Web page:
You may have heard Dr. Ove on the National Geographic documentary “Years of Living Dangerously” (Season 2 episode 5) or more recently on the Netflix show with Zac Efron called Down to Earth (Season 2 episode 3). He is a world renowned coral reef researcher and sounded the alarm on the plight of the corals in 1999, predicting their complete demise by 2050.
I would consider listening to this episode in one of two ways: either at a time when you can take it all in at once, or in junks over a period of time. The reason is because I believe this episode represents the essence of what I consider to be the sort of scientific education needed in high schools today, and I really want you to concentrate and even “read between the lines” on this one.
You see, education will be most effective if it is linked to something that is tangible, meaningful and relevant. It has to have the potential to affect our students’ emotions, to draw them into a deeper understanding of the science that we’re teaching them. Between the lines, you’ll find that what we teach regularly and routinely on a day to day basis, actually has meaning to the health and well-being of our planet.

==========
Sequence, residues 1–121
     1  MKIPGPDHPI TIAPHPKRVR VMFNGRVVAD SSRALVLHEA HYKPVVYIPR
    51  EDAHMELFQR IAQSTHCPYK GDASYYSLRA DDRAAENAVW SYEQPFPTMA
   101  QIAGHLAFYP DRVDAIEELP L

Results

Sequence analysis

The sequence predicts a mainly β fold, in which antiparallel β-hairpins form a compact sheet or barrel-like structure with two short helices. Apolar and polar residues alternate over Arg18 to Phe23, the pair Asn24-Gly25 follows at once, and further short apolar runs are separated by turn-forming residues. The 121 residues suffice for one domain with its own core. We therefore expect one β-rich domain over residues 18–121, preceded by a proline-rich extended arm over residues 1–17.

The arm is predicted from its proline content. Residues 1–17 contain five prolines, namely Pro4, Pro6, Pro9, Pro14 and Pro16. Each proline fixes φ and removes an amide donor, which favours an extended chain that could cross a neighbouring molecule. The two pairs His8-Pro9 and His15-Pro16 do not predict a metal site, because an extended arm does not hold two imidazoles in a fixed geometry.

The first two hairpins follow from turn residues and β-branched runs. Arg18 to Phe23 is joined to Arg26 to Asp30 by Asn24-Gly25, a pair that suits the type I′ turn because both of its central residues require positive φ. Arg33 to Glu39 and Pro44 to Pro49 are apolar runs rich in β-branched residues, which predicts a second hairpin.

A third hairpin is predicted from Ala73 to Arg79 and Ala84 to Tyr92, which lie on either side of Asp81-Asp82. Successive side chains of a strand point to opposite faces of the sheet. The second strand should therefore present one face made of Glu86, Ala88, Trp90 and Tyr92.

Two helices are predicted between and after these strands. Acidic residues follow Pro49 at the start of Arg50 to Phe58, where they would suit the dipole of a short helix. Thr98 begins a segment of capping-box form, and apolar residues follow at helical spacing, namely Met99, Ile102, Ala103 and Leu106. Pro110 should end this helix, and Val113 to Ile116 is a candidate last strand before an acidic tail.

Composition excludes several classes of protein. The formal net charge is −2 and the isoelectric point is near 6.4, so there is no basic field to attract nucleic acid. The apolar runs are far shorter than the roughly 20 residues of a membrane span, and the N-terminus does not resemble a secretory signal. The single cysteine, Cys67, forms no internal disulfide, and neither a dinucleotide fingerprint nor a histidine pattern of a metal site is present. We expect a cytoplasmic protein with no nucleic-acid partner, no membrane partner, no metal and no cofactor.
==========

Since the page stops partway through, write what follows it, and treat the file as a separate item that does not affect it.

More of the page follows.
The oceans are the great regulator of our ecosystem and framing science lessons and tasks within that, will connect our students to something bigger than themselves, that they will want to get to know better.But further, all of our lessons should have something to tie knowledge to meaning.
I’ve said to my students that if it doesn’t have a meaning that I can explain, then I simply won’t bring it to class. That’s my pledge to my students. But it’s also my responsibility as a teacher to find that meaning. And this episode brings meaning, to me, and hopefully to you too.
Check out these links to some of the work of my students but also the work of Ove:
50 Reefs: https://www.50reefs.org
Catlin Seaview Survey: https://youtu.be/wpZKGP9P8v0
Catlin website: https://www.catlinseaviewsurvey.com
My students’ ocean research documentary: https://youtu.be/7mKcs_3LHpg